SciFi Friday: Plans for the Future

Normally at this time of year we hear about the fate of shows being renewed or cancelled for the current season, but this year we are getting more significant news on the fates of two shows that are returning. End dates for both Lost and Battlestar Galactica have been announced. Lost will return for three sixteen episode seasons, while Battlestar Galactica will end after next season.

I am very happy to see these dates set in advance. Shows with ongoing mysteries have historically run into problems when the end date was not clear. X-Files dragged out the alien mythology plot beyond the point where it made much sense. Babylon 5 wrapped up the war a year before the end, and then didn’t have a good idea as to what to do with the final season. By knowing exactly how many episodes they have left, the writers of Lost and BSG can pace out how their continuing stories play out. BSG had the problem that they were searching for Earth, but everyone knew they could not find it while the series was running. Now that the season ends next year, they can actually reach Earth if that is what the writers desire, but viewers cannot be certain as to what will happen.

The decision to only air sixteen episodes of Lost per year has met with some controversy. I have conflicting interests on this one. As a Disney stockholder, I support the idea of the network receiving income from the show for an additional year. As a fan I have mixed emotions. If having less episodes can result in greater quality, then I am for it. While there are many other factors which result in the greater quality of shows on HBO and the BBC over the major American networks, not being stuck in the twenty-two or so episodes per year format may one of their advantages. While some Lost fans are complaining on line of having to stick it out for three years to get a normal two years worth of shows, Soprano fans sure won’t feel very sorry for them.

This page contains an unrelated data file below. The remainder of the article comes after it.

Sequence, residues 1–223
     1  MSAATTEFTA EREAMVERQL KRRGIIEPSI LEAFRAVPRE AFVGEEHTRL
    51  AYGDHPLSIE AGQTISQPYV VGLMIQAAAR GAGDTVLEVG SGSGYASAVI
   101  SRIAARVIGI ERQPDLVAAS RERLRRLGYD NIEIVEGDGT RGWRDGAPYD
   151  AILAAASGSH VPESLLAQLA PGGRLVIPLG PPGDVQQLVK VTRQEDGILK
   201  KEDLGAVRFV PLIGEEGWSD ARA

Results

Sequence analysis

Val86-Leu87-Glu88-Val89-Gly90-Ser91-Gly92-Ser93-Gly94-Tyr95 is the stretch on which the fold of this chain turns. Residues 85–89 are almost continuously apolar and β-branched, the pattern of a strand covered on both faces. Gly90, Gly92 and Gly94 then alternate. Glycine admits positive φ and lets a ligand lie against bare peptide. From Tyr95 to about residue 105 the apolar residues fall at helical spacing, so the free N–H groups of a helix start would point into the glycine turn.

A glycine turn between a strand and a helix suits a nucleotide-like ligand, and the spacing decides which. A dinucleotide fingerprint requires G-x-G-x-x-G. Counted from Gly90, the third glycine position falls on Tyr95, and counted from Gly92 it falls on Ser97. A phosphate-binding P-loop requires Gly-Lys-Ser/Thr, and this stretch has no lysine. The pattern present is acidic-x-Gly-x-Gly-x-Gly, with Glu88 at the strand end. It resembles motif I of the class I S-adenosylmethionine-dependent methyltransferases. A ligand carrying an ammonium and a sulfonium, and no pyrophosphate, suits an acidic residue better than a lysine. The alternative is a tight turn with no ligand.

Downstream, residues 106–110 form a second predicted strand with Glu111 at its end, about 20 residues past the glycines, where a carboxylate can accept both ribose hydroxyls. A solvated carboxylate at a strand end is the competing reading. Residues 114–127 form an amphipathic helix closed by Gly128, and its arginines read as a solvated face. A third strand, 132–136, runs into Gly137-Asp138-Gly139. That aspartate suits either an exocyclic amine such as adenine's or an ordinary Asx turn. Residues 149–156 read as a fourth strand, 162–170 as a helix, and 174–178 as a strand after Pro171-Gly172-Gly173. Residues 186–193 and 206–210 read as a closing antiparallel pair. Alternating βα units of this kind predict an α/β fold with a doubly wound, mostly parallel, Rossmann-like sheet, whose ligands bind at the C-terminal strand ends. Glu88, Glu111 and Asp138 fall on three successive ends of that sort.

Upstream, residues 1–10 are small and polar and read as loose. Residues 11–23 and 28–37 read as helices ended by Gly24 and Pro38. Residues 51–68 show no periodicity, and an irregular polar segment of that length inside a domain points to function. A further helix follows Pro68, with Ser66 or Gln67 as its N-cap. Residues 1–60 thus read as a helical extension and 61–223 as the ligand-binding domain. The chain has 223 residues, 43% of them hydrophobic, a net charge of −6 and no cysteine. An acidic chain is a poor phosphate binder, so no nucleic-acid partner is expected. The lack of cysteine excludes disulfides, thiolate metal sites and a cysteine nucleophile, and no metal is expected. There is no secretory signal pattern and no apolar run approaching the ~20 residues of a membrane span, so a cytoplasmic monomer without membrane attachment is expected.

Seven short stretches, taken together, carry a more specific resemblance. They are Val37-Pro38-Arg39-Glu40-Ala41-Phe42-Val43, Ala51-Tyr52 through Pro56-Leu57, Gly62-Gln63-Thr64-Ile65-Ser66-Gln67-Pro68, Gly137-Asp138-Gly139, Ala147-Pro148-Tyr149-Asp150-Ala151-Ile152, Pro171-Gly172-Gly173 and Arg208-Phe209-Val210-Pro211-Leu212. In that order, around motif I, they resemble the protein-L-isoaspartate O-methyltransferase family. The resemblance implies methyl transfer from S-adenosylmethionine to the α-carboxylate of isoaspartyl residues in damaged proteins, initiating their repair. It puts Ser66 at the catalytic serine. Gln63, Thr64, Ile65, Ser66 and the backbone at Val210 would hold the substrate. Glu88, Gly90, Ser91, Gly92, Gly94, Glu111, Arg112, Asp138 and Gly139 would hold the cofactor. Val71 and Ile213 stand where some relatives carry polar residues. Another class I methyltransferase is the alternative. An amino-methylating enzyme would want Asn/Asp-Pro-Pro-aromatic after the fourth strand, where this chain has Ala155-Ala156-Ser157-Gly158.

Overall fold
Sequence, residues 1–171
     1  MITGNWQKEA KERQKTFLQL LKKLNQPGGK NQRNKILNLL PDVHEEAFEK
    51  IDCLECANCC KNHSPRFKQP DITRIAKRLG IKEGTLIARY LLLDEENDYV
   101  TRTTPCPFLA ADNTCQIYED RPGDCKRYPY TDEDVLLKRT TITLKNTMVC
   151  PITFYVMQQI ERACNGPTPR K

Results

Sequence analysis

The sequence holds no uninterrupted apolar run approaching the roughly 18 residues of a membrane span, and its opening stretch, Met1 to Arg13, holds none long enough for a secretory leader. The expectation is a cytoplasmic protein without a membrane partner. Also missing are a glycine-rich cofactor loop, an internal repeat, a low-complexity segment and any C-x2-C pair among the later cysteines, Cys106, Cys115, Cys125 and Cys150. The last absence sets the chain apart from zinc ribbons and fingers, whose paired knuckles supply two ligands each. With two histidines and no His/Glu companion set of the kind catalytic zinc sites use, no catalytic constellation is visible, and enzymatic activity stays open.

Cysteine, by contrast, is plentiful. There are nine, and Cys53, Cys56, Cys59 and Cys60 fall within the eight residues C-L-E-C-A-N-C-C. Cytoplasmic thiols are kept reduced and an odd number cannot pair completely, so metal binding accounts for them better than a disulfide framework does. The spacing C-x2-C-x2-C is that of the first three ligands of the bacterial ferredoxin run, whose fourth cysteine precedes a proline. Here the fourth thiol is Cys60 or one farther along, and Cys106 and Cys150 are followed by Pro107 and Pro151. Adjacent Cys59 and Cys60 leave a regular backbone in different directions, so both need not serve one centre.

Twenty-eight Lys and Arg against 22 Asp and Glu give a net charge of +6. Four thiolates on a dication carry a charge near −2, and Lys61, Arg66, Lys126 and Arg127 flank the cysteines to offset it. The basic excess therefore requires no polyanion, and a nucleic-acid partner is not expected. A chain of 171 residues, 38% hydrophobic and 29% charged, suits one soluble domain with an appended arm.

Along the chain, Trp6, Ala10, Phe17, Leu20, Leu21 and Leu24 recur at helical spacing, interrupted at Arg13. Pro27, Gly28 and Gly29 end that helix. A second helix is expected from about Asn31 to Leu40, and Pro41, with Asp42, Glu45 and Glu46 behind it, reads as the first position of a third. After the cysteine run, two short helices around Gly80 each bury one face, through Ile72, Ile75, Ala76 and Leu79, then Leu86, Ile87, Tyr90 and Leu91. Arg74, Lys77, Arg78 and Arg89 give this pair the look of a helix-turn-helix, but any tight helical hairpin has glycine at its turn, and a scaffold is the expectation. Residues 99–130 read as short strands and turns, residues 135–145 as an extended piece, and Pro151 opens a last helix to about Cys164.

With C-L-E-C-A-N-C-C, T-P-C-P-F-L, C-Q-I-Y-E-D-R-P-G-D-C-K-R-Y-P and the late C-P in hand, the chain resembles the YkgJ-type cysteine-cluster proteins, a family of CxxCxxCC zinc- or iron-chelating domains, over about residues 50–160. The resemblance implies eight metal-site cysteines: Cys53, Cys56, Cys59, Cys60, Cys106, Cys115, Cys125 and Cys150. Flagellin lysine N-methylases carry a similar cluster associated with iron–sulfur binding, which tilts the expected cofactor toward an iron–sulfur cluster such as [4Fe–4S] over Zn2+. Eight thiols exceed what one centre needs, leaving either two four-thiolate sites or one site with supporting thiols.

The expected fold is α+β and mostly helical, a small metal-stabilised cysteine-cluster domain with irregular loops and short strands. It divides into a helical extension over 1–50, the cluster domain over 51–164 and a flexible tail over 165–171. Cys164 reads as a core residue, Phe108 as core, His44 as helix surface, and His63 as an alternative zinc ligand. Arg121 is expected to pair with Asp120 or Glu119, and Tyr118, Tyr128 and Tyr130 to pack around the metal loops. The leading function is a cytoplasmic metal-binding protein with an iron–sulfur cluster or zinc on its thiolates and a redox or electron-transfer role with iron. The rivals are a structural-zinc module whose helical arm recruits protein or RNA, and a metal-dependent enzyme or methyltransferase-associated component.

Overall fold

This week’s episode of Lost answered some questions and left many others open. Big questions are why Ben wound up the leader of the island’s “original inhabitants,” their connection to the outside world, and whether having the opening scene occur near Portland is coincidence. Is there more going on between DHARMA and the phoney location of where Juliette was first recruited to work? Speaking of Juliette, it looks like I was wrong in mistrusting her, but was right in predicting things would not turn out well for Locke by hanging around The Others. I doubt that Locke is really dead as the conflict between his and Jack’s philosophies seems to be too central to the show. Locke must return to face Jack. I wouldn’t be surprised if they really do kill Charlie off. His major role now seems to be his role in Desmond’s predictions of his death. This cannot continue forever. Either they have to find something else for Charlie to do, or actually kill him.

Kattee Sackhoff has other work lined up besides Battlestar Galactica. She will costar with Michelle Ryan in the reimagined remake of The Bionic Woman. Sackhoff says she will have a different type of role than Starbuck:

“My biggest fear was that Sarah Corvus was going to turn out like Starbuck. But she didn’t. She turned out a little like Number Six [laughs]. She’s the femme fatale. She’s dangerous. She’s sexy. She knows it, and she uses it. She walks with a purpose, and Starbuck really doesn’t. It’s … two different sides of the coin, but both misunderstood.”